Indeed, the tensions inside the nuclear family, and its frequent breakdown, constitute a fair proportion of the need for children to have rights. Parents do not all have their children’s best interests at heart. Step-parents, especially, who now make up such a substantial proportion of the whole, have much to answer for. The “wicked” step-parent is no myth. Frequently they resent their newly acquired brood; their hatred may even be murderous. Stepchildren are 60 times more likely to be killed than genetically related offspring [Daly & Wilson, 1994]. Not that this lets biological parents off the hook: taking parents as a whole, the latest figures show they kill on average over one child per fortnight in the UK, often in the context of a relationship breaking up, when one of the adult partners (usually a father) murders his children to spite his former partner [Office for National Statistics, 2013].

It is an ugly reality, so grim we cannot bear to face it; which is probably why these horrible cases tend to be dismissed in a paragraph or two in the media and described as a domestic “tragedy”, rather than in the more floridly anathematising terms (“evil”, “vile”, etc.) reserved for even the most mild and non-coerced paedophilic encounters. I recall one case somewhere in the West Country a couple of decades ago in which the father impaled the decapitated heads of his three children on spikes, leaving them for his ex to see. Even that spectacularly ghastly case disappeared from the news after a day or two. The vanishingly rare murder of a child in a sexual context, by contrast, is kept alive for a decade or more, such is the public’s need to project its own darkest feelings onto a monstrous Other.

Of course, the criminal law applies in the case of murder. Children do not need any rights in this regard beyond the human right to life. But there are many circumstances in which distinct rights for children would help enormously, both as regards invoking Gillick competence and, for children who are not yet competent to assert their own just claims, rights which can nevertheless be enforced in law on their behalf. These rights should take account of their wishes, not just their (adult defined) “best interests”. This, too, already has some standing in law. The 1989 UN Convention on the Rights of the Child acknowledged the right of children to be heard. This principle was incorporated into the Children Act of the same year, which said that while the children’s welfare should be paramount, courts should take into account “the ascertainable wishes and feelings of the child concerned”.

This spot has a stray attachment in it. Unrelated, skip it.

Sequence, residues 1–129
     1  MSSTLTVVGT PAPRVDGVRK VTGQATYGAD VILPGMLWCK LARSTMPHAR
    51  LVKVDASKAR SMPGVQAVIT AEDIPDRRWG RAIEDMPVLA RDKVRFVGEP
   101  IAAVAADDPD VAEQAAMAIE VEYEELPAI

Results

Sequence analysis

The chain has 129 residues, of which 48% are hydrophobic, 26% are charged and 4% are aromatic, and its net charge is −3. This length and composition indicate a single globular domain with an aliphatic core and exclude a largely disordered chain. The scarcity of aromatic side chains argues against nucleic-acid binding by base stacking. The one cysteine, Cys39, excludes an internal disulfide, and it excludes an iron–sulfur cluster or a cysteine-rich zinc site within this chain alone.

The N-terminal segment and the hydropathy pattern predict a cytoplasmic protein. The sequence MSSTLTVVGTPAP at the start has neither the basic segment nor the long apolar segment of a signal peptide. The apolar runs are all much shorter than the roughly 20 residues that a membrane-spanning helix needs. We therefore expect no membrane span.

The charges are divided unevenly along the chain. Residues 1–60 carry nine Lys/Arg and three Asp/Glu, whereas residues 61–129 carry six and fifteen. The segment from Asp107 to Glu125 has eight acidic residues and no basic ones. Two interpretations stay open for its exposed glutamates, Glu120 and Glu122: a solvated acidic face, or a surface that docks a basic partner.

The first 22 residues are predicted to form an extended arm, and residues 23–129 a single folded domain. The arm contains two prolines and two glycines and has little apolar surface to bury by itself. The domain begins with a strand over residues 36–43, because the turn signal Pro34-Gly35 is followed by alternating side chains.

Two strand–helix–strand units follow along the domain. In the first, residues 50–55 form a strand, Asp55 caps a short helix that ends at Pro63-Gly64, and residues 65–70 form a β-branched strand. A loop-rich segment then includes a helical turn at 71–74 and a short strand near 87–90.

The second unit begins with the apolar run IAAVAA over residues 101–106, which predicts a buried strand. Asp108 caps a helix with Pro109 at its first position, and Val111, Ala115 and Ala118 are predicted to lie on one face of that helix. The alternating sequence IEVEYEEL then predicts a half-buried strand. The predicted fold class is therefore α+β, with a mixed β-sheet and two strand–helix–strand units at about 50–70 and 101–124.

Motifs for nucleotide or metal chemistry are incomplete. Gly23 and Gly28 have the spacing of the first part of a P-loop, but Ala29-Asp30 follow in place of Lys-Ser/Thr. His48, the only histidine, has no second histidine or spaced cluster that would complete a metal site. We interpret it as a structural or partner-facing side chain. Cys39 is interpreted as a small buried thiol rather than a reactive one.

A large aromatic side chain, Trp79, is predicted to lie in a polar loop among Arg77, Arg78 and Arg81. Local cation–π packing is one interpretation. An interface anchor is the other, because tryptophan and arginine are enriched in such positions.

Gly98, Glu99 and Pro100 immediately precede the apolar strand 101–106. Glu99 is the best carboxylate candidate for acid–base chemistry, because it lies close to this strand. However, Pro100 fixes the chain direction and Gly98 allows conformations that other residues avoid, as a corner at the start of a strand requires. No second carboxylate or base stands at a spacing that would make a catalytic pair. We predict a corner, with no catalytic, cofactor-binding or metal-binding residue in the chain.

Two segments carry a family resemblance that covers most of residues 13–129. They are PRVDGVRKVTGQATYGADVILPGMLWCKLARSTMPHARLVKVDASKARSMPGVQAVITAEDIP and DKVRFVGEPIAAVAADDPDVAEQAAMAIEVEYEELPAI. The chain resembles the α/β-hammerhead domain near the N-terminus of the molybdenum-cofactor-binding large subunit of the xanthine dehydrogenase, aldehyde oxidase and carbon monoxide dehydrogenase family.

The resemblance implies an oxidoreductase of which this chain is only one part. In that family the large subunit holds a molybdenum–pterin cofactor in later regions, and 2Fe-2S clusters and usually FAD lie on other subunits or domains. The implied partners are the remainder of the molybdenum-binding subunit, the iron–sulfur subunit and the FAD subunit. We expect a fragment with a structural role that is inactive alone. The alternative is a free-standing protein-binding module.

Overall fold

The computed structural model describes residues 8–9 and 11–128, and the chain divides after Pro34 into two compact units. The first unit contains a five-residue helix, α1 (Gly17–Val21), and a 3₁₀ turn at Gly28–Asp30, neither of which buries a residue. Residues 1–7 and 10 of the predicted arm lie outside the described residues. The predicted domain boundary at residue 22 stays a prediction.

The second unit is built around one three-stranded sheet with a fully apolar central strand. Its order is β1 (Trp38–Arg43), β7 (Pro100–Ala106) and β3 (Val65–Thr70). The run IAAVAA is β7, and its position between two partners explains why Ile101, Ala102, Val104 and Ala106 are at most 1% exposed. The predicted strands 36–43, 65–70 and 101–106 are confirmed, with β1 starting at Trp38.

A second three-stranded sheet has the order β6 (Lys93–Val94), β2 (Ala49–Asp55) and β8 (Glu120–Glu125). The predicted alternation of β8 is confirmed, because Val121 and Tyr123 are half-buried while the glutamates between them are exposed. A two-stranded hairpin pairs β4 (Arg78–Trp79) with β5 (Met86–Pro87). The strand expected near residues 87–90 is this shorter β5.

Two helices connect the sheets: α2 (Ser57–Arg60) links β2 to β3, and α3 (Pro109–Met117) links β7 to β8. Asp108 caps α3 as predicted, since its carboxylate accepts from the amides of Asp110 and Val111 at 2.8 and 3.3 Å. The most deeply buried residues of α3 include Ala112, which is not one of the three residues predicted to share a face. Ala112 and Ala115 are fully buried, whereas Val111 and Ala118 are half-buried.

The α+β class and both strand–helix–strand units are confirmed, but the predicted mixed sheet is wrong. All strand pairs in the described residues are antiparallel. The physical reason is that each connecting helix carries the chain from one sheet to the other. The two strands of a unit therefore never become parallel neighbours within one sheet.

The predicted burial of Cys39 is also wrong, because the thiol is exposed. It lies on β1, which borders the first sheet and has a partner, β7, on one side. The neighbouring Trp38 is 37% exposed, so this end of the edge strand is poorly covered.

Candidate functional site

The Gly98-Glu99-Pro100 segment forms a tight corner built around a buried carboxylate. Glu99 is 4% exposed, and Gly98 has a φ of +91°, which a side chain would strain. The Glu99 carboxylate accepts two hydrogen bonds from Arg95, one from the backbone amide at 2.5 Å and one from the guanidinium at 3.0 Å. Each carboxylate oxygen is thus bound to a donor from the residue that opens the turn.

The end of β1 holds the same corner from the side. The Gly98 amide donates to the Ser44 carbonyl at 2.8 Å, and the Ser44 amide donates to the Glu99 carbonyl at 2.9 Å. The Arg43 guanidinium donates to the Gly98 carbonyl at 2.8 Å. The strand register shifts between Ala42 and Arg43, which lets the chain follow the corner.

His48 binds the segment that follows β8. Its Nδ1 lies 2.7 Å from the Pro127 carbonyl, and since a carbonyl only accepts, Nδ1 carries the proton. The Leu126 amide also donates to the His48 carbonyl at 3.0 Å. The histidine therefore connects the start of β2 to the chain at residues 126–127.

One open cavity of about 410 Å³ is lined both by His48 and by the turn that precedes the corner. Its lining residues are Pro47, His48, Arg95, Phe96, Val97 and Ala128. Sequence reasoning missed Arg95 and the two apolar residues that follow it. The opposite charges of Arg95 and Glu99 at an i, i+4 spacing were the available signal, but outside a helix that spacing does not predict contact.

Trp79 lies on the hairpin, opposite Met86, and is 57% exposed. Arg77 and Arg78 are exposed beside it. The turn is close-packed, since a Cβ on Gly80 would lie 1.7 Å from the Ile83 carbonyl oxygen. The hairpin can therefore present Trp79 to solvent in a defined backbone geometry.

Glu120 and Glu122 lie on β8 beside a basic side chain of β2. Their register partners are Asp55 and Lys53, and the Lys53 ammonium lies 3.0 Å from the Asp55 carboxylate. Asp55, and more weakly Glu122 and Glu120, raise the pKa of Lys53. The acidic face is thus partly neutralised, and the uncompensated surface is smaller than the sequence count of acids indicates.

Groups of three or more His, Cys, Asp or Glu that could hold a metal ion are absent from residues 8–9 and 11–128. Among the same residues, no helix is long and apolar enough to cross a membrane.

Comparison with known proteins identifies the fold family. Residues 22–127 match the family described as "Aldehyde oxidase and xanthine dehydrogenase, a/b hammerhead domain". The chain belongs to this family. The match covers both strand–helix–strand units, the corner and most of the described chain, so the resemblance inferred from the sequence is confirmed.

This formulation was far too wishy washy: wishes can be heard, but may still be ignored. The move towards a more effective measure is inhibited by confusion. The law will be deficient as long as we remain in thrall to the classic, albeit weak, argument that rights imply responsibilities, and that young children, before they become Gillick competent, cannot have truly enforceable rights because they are incapable of discharging the responsibilities that go with them. But as philosophers, including, most famously, John Rawls, have acknowledged, this is misconceived. As human rights lawyer Paul Sieghart put it:

In all legal theory and practice, rights and duties are symmetrical. It is a popular fallacy to believe that this symmetry applies within the same individual: that if I have a right, I must also have a correlative duty. This is not so: if I have a right, someone else must have a correlative duty; if I have a duty, someone else must have a corresponding right [Sieghert, 1985].

Children “in care”, may have significant rights claims against a range of professionals who act in loco parentis as teachers, etc. Having said that, the family is the most obvious locus of children’s claims, just as Furedi asserts. This is because, famously, most abuse, whether in terms of outright neglect and cruelty, or unwanted sexual attention, takes place in the home. This is a robustly quantified reality, not a feminist myth: in the most authoritative study to date, regression analysis indicates that dysfunctional family background is nine times as predictive of adult psychological harm as “child sexual abuse” (CSA) [Rind et al., 1998]. Had it been possible to separate non-coercive so-called CSA in the figures from coercive molestation and rape, the ratio would probably have risen dramatically, to infinity, because CSA thus defined would emerge as, on average, not psychologically harmful at all.